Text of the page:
NATURE PHOTOGRAPHY IN SHARP FOCUS
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Alfred Wainwright once said, “There is no such as bad weather, only unsuitable clothing.” As a nature photographer who has suffered through many bitterly cold nights and a few frenetic windstorms, I can tell you that this quote is pure rubbish. However, I can also tell you that suitable clothing can make bad weather far, far more tolerable. If you’re able to tolerate bad weather and stay out for many hours, you can often come away with some truly stunning images.
If it is going to be cold out, you should dress in layers, so that you can remove some clothing if you’re hiking and start to get hot. You don’t want to start sweating, as the sweat can later freeze, making you much colder. If it is going to be below 45° F, I recommend having at least two layers of clothing over most of your body. If it is going to be below 10° F, I recommend having at least three layers of clothing covering most of your body.
You should avoid using cotton as a base layer, as this fabric retains moisture and dries slowly, which can make you very cold. The fabric I prefer for the base layer is merino wool. Not only is it very warm and comfortable, but it also remains remarkably stink-proof, even if you wear it for many days in a row. This may not be too important to you if you are out photographing in frigid temperatures alone, but if you have any friends along, I guarantee you they will be very grateful!
One of the most difficult areas for photographers to keep warm is their hands, since it is impossible to operate a camera with big, bulky gloves or mittens. A solution I’ve found is to use Heat Factory Pop-Top Mittens with Glove Liner. The top of these mittens can be folded back, so that you just have a glove over the fingers. The glove is thin enough to allow you to operate your camera. When you’re not shooting, you can put the mitten top on to keep your fingers warm. You can also insert a hand warmer into the mitten top. If it’s really cold, you can wear a glove liner under this and/or a large mitten over it.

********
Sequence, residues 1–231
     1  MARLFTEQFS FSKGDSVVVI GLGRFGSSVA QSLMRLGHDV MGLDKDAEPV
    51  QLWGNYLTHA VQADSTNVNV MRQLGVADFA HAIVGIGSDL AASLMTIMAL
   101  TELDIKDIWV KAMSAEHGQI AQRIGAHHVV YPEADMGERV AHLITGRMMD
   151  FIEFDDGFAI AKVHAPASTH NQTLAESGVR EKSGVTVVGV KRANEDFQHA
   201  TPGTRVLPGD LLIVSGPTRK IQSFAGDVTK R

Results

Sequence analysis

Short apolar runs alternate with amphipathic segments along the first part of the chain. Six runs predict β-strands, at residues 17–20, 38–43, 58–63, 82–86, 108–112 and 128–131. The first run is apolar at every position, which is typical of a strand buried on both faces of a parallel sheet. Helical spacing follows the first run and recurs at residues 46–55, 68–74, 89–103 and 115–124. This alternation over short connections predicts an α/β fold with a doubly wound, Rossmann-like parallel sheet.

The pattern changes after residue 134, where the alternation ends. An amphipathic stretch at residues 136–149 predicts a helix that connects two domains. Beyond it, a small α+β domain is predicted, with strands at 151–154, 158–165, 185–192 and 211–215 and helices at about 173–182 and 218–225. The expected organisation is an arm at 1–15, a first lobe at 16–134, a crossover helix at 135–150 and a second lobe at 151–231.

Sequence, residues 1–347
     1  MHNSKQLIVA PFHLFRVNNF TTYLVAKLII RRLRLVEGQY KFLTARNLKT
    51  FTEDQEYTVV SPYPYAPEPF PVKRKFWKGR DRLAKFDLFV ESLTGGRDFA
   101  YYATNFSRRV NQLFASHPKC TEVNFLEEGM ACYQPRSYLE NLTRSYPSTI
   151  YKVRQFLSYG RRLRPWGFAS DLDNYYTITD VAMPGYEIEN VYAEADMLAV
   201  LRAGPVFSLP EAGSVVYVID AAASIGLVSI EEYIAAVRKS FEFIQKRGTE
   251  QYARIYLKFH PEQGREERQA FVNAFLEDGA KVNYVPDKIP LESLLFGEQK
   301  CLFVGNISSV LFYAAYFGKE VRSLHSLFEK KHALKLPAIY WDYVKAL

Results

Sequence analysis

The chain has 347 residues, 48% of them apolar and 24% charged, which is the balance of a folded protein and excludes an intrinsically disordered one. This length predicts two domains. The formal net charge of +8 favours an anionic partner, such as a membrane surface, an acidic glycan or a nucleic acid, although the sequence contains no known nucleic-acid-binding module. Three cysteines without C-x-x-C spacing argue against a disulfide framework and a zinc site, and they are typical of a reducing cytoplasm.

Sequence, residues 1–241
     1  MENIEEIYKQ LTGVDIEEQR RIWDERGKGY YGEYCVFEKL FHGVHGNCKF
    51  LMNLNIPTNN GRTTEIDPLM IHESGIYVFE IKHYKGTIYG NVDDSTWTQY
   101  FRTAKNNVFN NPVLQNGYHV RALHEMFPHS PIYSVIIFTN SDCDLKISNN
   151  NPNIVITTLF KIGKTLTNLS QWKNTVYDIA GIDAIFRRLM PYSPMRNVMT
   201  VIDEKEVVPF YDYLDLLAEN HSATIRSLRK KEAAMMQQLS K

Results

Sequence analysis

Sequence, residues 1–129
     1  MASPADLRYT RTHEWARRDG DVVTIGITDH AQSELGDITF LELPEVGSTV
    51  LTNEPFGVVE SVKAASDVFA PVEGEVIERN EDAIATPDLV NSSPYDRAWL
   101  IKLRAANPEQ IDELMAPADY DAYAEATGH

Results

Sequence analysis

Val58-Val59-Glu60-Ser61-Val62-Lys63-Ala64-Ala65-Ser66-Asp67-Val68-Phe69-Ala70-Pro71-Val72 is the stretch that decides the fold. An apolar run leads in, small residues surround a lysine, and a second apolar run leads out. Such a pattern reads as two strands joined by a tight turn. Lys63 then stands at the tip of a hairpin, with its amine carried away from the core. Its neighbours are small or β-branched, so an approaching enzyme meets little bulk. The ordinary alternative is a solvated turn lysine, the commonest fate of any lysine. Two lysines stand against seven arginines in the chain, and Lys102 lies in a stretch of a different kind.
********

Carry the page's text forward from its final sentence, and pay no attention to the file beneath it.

Verseo makes battery-heated ThermoGloves that are thin enough to operate a camera with. One drawback is that the charge only lasts a couple of hours on full power. I’ve also found that the wires inside the fingers can easily become misaligned with the glove and pinch your fingers. However, these gloves can be an option if you are shooting in bitterly cold temperatures where other gloves may not provide adequate warmth. Even with these gloves, I do still recommend hand warmers if it is very cold.
Some boots I recommend are the NEOS overshoes. They can be worn over your normal shoes, which allows you to add an extra layer of warmth. I own the STABILicers, which give great traction when walking on icy surfaces. This has come in very handy for me when I’ve photographed ice caves and frozen waterfalls.
It can be a little cumbersome hiking long distances in overshoes. So if you’re adventurous (or a little crazy) and enjoy long hikes in frigid cold weather, you can look into more traditional winter boots. Regardless of the shoe you use, always bring plenty of foot warmers if it will be very cold.
Once you have the right clothing, you’ll no longer have a good excuse to stay inside during the worst of the winter weather. Get out and discover the remarkable scenes that lie within the frozen landscapes of our planet.
Grant Collier has been working as a professional photographer since 1996 and has been shooting photos at night since 2003. He is the author of 12 books and has recently released a book called Collier’s Guide to Night Photography in the Great Outdoors. He has also produced a new instructional video called Collier’s Guide to Post-Processing Night Photos.